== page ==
Difficult questions, yet an easy answer. ABT — one of the greatest ballet companies in the nation and the world, and an important American cultural export — ought to replace outgoing artistic director Kevin McKenzie with Misty Copeland.
McKenzie is retiring at the end of this year after 30 years at the helm. Copeland, the world-famous ballerina, social activist and icon to young people around the world, made history in 2015 by becoming ABT’s first Black female principal dancer. She could make history again by becoming its first Black artistic director. (She would also build on ABT’s female-led beginnings under dancer Lucia Chase, who helped found the company in 1940, when it was known as Ballet Theater. In 1945, Chase became co-director with stage designer Oliver Smith; they held those posts until 1980.)
The time is right. There is a powerful echo in the U.S. Senate’s confirmation last week of Ketanji Brown Jackson as the first Black female Supreme Court justice, and the resonance deepens when you consider that at the high court, like at ABT, diversity has gradually taken hold but Black women have been the last to gain prominence.
According to ABT spokeswoman Laura Miller, the search for an artistic director is ongoing and no timeline has been set for announcing McKenzie’s successor. But with ABT’s recent Kennedy Center engagement fresh in my mind, I’m struck by what the company could accomplish with a leadership choice that looks to the future of ballet. A choice that makes a strong statement about representation and progress, and acknowledges a new generation of artists — and potential audience members — who have no patience for rigid, old-school thinking in casting, repertoire, creative opportunities or simply in the way dancers are treated in the studio.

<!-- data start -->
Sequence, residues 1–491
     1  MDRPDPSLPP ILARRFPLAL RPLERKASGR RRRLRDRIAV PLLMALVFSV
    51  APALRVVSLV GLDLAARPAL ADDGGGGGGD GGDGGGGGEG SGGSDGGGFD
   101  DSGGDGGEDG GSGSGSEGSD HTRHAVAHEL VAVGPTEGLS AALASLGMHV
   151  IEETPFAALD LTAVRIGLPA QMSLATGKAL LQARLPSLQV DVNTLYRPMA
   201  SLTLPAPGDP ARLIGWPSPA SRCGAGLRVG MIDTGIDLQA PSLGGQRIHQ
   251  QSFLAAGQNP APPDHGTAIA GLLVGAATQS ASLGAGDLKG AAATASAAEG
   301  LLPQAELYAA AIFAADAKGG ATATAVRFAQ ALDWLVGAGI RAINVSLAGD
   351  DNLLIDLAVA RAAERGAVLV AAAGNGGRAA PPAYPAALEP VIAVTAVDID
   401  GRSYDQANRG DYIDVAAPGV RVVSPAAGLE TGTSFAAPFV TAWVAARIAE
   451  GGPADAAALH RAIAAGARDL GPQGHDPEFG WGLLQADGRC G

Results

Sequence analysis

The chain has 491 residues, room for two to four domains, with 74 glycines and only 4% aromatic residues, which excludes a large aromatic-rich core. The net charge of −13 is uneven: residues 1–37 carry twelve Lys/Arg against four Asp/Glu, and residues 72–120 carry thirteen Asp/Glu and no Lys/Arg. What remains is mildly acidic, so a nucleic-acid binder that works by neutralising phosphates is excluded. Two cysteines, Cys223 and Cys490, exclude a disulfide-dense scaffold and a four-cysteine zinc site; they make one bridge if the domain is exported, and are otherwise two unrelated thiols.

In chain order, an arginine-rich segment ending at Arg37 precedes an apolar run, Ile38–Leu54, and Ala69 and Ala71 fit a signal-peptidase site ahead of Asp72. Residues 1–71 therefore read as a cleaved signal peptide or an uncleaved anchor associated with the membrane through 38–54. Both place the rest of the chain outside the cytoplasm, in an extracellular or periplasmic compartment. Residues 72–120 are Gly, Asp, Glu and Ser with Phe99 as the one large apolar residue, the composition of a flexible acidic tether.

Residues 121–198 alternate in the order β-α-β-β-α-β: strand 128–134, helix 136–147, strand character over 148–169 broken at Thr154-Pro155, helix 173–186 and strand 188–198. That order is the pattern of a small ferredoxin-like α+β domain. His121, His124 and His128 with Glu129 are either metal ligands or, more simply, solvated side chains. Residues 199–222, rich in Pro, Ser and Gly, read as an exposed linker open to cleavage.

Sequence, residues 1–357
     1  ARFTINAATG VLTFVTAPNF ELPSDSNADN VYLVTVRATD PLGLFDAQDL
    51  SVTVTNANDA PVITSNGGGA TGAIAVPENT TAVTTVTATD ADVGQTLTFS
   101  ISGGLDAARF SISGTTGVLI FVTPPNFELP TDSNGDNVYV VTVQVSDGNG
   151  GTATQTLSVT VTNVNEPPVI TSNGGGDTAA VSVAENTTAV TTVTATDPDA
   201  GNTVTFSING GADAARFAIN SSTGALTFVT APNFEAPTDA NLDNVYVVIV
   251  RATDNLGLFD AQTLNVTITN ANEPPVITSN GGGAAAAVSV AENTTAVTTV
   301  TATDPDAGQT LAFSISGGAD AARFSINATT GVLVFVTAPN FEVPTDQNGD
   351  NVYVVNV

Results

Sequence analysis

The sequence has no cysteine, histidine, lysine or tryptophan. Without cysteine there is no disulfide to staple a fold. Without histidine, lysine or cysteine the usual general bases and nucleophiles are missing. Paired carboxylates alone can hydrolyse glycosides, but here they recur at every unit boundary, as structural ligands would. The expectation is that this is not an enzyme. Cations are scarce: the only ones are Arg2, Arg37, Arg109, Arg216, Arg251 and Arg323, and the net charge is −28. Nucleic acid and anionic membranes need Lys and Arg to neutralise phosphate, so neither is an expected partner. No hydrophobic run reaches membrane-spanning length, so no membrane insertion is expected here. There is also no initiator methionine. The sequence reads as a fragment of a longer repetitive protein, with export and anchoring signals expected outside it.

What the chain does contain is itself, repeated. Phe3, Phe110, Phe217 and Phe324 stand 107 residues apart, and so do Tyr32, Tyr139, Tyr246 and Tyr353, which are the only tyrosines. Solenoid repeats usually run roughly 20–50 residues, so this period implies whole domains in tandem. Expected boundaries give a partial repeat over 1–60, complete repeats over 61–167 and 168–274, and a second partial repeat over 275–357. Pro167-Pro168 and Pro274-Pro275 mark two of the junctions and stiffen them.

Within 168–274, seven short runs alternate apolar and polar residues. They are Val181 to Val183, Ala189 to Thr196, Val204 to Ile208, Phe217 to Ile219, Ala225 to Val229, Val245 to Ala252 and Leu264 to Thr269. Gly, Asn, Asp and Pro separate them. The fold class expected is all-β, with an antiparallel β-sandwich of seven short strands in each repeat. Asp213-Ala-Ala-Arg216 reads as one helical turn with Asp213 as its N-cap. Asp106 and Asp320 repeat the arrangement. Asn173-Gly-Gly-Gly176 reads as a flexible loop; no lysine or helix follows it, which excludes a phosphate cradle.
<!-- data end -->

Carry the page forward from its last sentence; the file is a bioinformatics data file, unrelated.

Having lived through #MeToo, the Black Lives Matter movement and pandemic-related shutdowns that left them to train and develop their art largely on their own, young dancers are newly self-empowered. As I’ve heard in countless interviews in recent years, dancers are no longer willing to be voiceless followers in the studio. They view authority differently than their elders, who grew up at a time of reverence for the teachers, choreographers, repertory directors and repetiteurs (once referred to as “ballet masters,” a term that has fallen out of favor) who made career decisions for them. Young dancers are demanding more agency, and inclusivity surrounding race, gender and ethnicity. Many wield a degree of social media influence that cannot be ignored. ABT’s new artistic director must be sensitive to this, and skilled in truly respecting individual rights within communal goals.